“Obviously we’re pleased with the verdict,” said Bill Blair, an attorney for Howard. “Our hearts go out to the Case family.”
Jill Griffith, Case’s mother, left the courtroom sobbing in the arms of a loved one.
“The pain she feels today is a small piece of how she’s felt for years,” said Steven Sherlag, her attorney.
Case, 20, was killed after a series of events Oct. 21. The warehouse worker had ingested a large amount of hallucinogenic mushrooms and was completely out of control, according to attorneys for both sides.
Living in an apartment complex in Tualatin, he walked into the unlocked unit of a neighbor that he didn’t know and started moving his hand above her body as if trying to feel her aura.
The woman barricaded herself in the bedroom of her 8-year-old daughter and called 9-1-1. Case forced his way in and they scuffled as police converged on the apartment building.
Officers chased down the 128-pound distance runner, jolted him with a Taser and hit him with beanbag rounds from a 12-gauge shotgun. Howard, who was called to the scene with two other deputies, also fired his .40-caliber Glock handgun, hitting Case in the left side. Case sat down, then got up and came toward Howard’s patrol car, which had the door open and an MP5 submachine gun on a rack inside.
That’s when Howard fired the fatal shot, hitting Case in the back of the head.
The jury was asked to decide whether that fatal shot amounted to excessive force.
U.S. District Judge Garr King, who presided over the trial in Portland, told the jurors that police officers are allowed to use deadly force if there is “a fair probability that the suspect poses a threat of harm or will flee and carry out harm.” He said in making their decision they needed to consider whether Case posed an immediate threat and whether he was actively resisting arrest.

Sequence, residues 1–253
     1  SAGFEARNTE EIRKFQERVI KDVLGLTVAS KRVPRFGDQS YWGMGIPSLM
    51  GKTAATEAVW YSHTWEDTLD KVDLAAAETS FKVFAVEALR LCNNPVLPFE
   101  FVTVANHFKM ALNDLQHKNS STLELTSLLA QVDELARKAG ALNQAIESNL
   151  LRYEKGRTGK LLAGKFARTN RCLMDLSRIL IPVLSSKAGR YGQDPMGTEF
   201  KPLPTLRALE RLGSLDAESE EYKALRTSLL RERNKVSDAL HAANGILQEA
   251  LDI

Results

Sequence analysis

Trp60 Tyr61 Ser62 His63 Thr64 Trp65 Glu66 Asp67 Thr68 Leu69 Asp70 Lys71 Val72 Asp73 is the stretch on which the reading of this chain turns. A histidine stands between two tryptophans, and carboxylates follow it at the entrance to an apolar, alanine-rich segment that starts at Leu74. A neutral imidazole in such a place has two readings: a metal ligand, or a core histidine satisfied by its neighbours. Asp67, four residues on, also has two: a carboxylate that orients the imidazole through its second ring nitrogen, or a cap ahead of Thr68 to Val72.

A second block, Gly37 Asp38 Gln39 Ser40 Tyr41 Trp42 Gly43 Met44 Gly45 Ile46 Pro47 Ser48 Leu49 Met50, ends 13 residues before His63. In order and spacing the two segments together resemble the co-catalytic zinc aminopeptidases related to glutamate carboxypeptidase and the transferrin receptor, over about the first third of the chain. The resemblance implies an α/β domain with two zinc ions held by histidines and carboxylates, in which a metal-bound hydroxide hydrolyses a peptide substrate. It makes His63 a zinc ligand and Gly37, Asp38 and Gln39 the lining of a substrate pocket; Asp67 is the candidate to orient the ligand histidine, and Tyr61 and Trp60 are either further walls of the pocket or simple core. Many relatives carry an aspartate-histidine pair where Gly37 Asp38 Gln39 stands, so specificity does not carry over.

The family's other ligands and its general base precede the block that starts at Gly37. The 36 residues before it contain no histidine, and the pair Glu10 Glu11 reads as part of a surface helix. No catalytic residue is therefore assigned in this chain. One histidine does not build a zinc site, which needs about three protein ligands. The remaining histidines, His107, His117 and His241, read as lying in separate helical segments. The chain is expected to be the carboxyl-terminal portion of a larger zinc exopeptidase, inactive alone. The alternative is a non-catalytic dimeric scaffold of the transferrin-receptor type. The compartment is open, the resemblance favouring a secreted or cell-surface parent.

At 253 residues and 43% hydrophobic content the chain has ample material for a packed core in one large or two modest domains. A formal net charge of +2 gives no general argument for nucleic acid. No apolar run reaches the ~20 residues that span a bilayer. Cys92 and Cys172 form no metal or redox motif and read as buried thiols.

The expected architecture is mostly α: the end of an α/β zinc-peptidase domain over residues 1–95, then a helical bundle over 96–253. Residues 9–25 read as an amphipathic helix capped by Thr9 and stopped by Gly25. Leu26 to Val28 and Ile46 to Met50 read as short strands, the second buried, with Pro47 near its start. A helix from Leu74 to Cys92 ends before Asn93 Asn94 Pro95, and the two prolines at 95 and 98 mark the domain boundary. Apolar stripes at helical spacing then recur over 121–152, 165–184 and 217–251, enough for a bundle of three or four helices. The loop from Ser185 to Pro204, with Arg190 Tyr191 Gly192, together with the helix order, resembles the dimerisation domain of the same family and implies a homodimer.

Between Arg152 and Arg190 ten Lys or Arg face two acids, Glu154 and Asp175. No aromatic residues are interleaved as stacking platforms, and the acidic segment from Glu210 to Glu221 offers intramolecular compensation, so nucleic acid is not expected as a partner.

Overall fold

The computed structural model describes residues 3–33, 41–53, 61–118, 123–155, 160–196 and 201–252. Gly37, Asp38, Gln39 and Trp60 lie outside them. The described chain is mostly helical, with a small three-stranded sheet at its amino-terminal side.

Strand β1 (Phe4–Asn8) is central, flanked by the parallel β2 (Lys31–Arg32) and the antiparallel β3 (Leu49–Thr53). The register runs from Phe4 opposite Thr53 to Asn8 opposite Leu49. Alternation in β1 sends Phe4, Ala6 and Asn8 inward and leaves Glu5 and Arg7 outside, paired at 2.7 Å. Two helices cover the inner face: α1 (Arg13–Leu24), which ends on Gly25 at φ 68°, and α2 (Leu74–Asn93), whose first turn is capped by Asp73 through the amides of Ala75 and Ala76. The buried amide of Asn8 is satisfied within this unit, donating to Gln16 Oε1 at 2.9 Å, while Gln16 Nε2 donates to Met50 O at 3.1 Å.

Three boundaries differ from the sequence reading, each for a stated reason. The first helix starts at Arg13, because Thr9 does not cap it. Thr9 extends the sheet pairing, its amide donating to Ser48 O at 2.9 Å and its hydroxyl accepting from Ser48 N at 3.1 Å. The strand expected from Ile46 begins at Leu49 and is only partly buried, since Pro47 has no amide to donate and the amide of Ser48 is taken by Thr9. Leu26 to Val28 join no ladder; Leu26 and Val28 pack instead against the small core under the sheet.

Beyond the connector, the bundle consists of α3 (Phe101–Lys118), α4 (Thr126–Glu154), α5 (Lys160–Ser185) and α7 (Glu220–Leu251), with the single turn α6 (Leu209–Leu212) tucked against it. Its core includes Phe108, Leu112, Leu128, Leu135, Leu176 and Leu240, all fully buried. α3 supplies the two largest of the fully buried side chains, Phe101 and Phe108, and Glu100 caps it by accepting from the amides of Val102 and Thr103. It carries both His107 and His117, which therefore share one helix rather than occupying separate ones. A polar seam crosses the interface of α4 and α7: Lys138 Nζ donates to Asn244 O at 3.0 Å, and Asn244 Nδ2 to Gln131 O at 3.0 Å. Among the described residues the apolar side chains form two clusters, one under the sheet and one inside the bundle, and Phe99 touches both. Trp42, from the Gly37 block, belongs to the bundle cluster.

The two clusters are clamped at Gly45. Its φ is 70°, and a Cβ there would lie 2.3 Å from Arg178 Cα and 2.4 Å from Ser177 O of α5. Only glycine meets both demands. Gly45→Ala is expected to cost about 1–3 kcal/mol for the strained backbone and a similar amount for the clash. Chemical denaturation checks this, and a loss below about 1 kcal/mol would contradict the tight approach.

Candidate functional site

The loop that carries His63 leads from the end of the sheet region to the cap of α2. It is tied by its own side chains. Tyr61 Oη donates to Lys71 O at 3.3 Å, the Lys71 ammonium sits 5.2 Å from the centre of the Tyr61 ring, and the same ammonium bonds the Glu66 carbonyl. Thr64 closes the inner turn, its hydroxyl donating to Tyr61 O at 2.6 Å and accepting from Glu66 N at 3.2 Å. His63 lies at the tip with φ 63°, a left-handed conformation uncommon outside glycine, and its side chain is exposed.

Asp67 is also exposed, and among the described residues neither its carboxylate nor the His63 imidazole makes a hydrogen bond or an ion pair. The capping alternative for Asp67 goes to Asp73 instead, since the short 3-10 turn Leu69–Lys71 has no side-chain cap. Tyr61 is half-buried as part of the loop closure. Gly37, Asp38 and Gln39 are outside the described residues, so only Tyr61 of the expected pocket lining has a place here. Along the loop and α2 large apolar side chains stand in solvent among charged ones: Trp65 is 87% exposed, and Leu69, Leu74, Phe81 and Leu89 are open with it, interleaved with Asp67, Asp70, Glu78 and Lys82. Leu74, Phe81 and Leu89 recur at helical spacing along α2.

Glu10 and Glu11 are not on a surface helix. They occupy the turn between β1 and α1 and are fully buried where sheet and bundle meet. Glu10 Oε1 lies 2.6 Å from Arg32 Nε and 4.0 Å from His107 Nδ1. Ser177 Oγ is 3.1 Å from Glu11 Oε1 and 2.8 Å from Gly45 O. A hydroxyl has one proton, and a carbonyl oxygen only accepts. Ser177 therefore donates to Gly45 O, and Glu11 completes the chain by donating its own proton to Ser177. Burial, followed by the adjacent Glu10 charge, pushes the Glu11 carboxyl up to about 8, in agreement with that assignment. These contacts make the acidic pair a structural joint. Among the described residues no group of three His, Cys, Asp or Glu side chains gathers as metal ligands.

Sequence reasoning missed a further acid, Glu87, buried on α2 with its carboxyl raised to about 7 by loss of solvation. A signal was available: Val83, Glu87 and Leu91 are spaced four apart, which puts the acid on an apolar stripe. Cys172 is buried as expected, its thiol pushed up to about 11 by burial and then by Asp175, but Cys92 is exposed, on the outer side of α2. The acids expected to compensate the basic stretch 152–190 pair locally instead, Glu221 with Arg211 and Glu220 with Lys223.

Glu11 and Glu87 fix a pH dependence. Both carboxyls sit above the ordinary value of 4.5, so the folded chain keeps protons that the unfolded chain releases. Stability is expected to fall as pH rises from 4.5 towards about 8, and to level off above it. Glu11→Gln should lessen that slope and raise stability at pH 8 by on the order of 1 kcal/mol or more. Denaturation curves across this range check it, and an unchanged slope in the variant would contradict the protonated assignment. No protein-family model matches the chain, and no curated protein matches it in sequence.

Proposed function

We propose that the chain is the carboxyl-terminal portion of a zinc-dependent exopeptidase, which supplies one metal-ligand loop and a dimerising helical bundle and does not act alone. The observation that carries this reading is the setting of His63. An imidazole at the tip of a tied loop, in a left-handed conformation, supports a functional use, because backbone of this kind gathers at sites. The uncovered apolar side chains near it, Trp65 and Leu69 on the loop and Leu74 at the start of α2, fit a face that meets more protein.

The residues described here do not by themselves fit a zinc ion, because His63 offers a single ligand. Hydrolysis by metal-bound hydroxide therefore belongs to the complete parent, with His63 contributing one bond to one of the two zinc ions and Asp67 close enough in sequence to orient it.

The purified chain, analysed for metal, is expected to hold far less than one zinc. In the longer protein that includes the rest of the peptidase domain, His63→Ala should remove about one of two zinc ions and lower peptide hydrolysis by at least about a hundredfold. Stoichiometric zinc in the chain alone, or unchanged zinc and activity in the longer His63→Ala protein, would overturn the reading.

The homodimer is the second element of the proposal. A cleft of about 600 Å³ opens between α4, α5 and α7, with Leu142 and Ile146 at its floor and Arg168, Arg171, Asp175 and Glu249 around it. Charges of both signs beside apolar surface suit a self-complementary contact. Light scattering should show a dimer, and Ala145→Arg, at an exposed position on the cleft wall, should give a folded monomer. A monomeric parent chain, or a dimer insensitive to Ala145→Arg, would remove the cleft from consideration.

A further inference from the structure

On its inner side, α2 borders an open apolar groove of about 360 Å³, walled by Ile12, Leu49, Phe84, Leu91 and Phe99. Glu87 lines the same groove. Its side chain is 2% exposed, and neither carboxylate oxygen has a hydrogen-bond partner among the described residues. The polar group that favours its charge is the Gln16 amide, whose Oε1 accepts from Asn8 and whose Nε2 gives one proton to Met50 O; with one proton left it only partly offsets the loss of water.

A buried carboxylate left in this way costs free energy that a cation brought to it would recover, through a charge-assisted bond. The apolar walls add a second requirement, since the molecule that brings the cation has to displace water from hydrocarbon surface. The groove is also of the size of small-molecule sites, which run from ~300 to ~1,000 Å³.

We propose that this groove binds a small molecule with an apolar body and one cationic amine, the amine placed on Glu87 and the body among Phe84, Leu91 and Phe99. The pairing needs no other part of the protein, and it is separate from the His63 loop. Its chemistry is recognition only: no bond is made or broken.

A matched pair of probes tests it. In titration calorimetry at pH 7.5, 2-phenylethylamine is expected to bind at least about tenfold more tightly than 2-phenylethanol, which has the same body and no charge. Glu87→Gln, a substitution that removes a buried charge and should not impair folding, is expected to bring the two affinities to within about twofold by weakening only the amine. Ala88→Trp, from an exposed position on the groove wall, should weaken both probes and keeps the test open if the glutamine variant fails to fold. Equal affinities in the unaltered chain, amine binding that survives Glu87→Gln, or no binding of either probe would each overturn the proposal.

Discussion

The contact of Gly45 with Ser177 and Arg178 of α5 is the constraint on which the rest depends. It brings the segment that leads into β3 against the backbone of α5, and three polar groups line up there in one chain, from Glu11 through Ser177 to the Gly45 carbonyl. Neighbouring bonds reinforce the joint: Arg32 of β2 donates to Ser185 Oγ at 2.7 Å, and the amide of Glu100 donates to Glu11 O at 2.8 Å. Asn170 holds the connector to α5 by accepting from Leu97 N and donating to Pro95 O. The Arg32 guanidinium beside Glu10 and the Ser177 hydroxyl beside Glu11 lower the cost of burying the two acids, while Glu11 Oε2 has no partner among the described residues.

In his closing argument, Blair described a tense situation that required a split-second decision. He said Howard knew there was a home invasion, that a woman and her child were involved, that the suspect was intoxicated, that there had been a foot chase and that Tasers and beanbag rounds had not been effective. He said when Case got up after being shot in the left side and moved toward the police car, it appeared clear that he was going for the submachine gun.
“Letting him get to the MP5 was not an option,” Blair said. “The only decision that Deputy Howard had left was a shot to the head.”
But lawyers for Case’s family presented a different point of view. Before the jury left to deliberate, Sherlag told them that Howard was not focused on trying to bring Case under control. He said the deputy was angry that his shots did not subdue the young man and angry that Case was not obeying his orders.
Obedience, Sherlag said, was impossible for someone so intoxicated.
“Jordan Case wasn’t there,” Sherlag said. “He needed to be rescued.”
The Case family asked for $10 million in noneconomic damages and an unspecified amount of punitive damages.
But the weight of proof rested with the plaintiffs.
“Please understand that the burden is on the plaintiff,” Blair told the jury. “You cannot use 20-20 hindsight.”
After both sides left the courtroom, the jury filtered out of the judge’s chambers, declining to discuss the verdict.
Sherlag said the family will decide in the next few days whether to appeal.
READ – Federal jury deadlocks on whether Washington County Deputy Glenn Howard used excessive force in shooting Jordan Case, Oregonian May 4, 2010